Interview: Graham Ryan
Alistair Schofield speaks to Graham Ryan, Chief Commercial Officer of NXT, one of Britain’s most innovative companies.
Britain has a worldwide reputation for producing great inventors, although unfortunately its track record of capitalising on those inventions is not so good. All too often it seems that the inventors are not the ones to make money from their inventions.
In considering this conundrum, I thought it would be interesting to speak to an organisation that is at the forefront of technological advancement, but which also needs to make money. How do they balance the need for continual innovation with the potentially conflicting need to turn new ideas into saleable products?
I chose NXT as a company to speak to as I am a big fan of their products and because they have an interesting history. They began life as a loudspeaker manufacturer but decided to sell off the manufacturing capability and concentrate entirely on innovation.
When I met up with Graham Ryan, NXT’s Chief Commercial Officer, I therefore asked him to explain a little bit about the company’s history:
“The organisation began as the Verity Group, which was a manufacturer of a number of British HiFi brands including Wharfdale, Mission and Quad. However, in the early 1990’s Henry Azima, our Chief Technology Office, came across a technology that could produce high quality sound from virtually any hard flat surface.”
“We realised that the potential for this ‘bending wave’ technology was far bigger than the UK HiFi market as it would enable high quality sound to be used in places that were unsuited to conventional loudspeakers. The design advantages alone were huge, as the technology would enable manufacturers to do away with the ugly grills that are needed for traditional loudspeakers. We therefore decided to move the company to a licensing model, similar to the British chip manufacturer ARM.”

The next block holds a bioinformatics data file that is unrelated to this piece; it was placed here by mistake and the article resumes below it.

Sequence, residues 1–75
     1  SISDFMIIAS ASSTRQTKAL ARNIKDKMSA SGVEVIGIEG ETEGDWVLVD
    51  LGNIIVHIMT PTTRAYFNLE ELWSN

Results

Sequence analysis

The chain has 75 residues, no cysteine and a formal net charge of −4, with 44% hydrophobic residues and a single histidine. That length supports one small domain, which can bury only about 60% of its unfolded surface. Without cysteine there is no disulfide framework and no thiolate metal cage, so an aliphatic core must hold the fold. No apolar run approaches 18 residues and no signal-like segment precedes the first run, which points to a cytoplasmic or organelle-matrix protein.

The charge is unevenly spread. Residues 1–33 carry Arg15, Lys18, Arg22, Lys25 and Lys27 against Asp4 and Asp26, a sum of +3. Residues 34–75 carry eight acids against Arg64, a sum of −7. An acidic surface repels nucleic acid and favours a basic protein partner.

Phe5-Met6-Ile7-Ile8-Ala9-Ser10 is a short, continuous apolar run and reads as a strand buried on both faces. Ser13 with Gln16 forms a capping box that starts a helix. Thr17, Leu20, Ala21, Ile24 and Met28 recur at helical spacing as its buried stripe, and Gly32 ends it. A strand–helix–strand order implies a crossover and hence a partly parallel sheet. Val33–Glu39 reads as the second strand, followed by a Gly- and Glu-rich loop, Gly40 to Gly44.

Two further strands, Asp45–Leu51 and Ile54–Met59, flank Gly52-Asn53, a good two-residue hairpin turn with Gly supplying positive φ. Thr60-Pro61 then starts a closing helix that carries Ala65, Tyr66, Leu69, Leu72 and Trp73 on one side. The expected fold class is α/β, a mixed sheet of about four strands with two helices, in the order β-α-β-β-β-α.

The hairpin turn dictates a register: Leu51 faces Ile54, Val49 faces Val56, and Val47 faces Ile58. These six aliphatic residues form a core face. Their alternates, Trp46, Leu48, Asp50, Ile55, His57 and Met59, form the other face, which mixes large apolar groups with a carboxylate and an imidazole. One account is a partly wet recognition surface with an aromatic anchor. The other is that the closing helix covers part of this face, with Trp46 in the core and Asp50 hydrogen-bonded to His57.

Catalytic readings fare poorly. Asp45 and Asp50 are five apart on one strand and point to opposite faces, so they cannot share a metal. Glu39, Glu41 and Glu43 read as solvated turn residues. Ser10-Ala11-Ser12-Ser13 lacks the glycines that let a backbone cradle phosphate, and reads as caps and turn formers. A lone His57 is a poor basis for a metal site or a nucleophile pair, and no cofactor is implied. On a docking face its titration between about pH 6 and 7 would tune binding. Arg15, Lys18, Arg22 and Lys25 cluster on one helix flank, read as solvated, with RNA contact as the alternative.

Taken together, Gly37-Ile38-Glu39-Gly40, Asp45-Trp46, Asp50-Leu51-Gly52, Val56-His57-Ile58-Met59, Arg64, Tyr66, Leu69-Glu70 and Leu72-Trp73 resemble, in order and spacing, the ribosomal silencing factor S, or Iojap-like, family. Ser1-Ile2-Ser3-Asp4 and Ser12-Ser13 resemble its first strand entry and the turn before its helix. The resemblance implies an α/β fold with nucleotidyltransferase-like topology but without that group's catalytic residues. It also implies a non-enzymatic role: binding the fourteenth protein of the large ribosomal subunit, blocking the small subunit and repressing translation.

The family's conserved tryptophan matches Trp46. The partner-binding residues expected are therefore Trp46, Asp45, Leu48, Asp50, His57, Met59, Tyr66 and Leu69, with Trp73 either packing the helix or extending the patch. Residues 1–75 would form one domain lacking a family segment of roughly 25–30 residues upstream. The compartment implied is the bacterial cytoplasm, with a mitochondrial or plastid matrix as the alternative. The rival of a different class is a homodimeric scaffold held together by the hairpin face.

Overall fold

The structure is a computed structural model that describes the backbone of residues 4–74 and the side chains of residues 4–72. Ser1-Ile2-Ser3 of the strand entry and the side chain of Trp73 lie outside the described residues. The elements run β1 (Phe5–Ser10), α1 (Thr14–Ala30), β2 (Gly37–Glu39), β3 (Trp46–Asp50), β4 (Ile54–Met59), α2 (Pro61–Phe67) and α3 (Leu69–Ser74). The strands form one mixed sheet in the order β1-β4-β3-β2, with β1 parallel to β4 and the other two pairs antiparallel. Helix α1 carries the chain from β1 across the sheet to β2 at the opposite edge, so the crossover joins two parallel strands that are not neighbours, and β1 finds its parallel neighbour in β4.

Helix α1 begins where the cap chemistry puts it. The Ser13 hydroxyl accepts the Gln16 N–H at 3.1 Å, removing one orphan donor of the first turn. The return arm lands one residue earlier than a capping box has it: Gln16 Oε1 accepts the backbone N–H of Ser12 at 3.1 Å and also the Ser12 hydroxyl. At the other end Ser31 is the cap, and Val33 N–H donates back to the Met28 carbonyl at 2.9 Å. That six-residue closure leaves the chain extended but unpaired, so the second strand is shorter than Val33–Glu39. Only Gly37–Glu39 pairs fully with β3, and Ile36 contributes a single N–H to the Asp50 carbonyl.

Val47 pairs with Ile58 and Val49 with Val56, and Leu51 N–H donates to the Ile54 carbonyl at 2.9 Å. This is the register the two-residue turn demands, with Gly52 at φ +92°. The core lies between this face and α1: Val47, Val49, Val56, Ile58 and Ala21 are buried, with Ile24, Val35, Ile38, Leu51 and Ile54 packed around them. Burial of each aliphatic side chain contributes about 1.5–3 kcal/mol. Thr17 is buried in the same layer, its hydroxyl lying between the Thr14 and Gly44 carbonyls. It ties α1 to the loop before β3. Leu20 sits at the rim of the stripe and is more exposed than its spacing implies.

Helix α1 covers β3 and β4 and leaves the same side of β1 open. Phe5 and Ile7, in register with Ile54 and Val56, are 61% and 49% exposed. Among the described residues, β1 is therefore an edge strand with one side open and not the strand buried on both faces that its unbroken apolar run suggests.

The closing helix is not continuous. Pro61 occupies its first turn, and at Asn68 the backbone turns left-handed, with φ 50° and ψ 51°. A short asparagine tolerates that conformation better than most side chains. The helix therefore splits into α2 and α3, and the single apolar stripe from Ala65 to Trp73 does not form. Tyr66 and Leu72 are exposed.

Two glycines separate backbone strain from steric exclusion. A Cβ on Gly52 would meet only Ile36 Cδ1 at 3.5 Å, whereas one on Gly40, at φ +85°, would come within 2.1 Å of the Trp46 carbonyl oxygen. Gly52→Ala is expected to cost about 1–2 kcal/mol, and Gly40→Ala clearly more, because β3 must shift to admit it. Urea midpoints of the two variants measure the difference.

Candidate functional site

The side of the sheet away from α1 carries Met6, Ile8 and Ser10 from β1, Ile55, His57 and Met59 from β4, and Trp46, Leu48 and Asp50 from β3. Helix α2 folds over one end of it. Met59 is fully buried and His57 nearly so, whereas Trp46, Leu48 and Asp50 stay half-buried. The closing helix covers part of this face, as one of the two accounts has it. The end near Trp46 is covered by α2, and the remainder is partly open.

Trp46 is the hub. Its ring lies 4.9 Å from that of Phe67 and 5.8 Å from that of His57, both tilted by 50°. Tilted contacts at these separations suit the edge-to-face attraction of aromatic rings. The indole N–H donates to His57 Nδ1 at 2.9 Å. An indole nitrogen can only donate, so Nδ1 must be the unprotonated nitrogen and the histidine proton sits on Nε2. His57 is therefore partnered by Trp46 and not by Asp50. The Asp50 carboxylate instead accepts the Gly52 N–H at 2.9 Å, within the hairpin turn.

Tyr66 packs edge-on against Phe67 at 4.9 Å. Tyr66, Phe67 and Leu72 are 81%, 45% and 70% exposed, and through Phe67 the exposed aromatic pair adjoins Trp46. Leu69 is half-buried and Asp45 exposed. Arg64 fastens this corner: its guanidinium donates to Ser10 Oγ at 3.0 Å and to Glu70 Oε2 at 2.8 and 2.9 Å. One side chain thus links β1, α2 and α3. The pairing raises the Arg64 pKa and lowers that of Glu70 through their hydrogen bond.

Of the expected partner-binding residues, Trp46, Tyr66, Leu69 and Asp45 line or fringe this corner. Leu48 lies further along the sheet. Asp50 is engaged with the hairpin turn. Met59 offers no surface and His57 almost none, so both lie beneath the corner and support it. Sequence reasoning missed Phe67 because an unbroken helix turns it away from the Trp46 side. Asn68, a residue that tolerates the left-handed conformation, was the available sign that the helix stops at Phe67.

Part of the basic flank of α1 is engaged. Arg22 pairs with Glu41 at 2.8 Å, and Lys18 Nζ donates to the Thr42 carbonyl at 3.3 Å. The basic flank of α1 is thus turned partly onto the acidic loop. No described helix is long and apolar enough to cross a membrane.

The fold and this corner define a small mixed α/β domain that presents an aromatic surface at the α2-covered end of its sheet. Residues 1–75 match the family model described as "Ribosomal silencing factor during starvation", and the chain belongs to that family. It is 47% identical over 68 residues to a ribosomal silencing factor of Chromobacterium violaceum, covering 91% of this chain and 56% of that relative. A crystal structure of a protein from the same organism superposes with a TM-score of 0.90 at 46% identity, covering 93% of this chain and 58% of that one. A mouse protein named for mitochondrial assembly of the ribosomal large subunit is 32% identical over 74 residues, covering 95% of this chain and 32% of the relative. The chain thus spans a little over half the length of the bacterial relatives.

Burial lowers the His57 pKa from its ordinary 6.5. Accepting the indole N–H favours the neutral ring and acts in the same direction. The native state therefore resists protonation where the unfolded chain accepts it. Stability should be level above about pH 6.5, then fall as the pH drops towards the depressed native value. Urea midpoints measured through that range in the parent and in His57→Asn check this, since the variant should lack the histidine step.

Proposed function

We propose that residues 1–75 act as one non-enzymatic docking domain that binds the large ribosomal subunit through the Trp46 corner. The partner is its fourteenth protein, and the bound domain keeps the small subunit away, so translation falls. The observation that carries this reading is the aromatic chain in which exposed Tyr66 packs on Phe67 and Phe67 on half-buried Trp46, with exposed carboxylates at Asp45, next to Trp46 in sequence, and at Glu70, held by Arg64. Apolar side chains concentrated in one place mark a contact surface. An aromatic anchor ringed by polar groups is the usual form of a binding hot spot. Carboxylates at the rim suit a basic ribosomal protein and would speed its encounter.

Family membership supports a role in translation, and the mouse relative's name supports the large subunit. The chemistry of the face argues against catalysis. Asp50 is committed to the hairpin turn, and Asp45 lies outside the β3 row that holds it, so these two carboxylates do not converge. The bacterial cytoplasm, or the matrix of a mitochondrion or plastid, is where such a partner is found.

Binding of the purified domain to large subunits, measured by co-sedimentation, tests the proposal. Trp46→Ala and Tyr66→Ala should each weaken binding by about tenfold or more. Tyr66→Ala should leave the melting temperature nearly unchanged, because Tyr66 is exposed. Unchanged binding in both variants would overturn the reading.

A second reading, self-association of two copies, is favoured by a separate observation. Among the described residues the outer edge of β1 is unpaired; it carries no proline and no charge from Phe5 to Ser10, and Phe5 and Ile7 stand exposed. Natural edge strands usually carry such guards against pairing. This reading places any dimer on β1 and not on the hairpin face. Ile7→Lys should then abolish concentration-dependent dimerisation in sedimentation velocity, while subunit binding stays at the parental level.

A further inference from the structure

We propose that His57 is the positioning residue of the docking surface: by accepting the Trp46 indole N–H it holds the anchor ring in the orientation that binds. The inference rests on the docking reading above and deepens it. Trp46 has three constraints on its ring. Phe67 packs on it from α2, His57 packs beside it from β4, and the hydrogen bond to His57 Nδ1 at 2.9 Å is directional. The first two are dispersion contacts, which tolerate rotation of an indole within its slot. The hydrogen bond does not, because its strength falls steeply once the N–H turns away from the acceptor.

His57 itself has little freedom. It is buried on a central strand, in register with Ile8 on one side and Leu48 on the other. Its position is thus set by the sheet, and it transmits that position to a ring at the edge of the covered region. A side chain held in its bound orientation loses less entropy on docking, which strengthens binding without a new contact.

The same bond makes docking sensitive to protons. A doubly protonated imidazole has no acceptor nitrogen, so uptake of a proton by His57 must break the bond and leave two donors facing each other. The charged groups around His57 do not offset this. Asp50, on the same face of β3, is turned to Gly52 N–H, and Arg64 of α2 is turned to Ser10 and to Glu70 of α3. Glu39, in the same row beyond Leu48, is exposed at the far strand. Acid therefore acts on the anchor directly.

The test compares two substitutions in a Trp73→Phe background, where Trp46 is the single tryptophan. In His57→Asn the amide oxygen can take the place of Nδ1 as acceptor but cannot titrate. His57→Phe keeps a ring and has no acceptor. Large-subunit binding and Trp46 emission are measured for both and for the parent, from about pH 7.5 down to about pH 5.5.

“We sold off our manufacturing plants and the HiFi brands, renamed the company NXT and set out on a mission to sell licenses to use our technology to everyone we could think of.”
As I recall, NXT was one of the darlings of the City during the late 1990’s. What happened?
“The dot.com boom had raised the level of interest in virtually everything technical, and our technology certainly captured the imaginations of a lot of people. The problem was that the expectations were based on the potential for the technology, not on a more realistic judgement of the rate at which manufacturers would be prepared to adopt it.”
Do you think this slowness to adopt new technology is a British thing?
“Not in particular. It is certainly true that the Japanese tend to be the first to adopt any new technology, the Americans second and Britain third, but I don’t think that was the difficulty facing us as we were selling internationally anyway.”
“I think the problem had more to do with recognising that the time for invention was over and that we really needed to focus more on the commercialisation of the product”.
“We also needed to recognise that just having a great technology was not reason alone for someone wanting to buy it. Take televisions for example, when people are purchasing a new television they will look at the picture and they will consider how the set will look in their home, but very few will listen to it to assess the sound quality. We may be able to turn the whole of the front of the screen into a loudspeaker and make the television sound as good as a HiFi system, but until buyers of televisions start to demand that sort of quality, only a few forward thinking manufacturers, such as Philips, will offer it.”
Having turned yourselves into a company of inventors, was this move to greater commercialisation an easy one?
“No, not really. We are company full of incredibly creative people, all of whom have a great passion for what they do and who are constantly coming up with brilliant ideas and new inventions. Being more commercially focused inevitably means that we have to pass over many of these good ideas in order that we stay focused on our core business and on working with our partners to bring finished products to market.”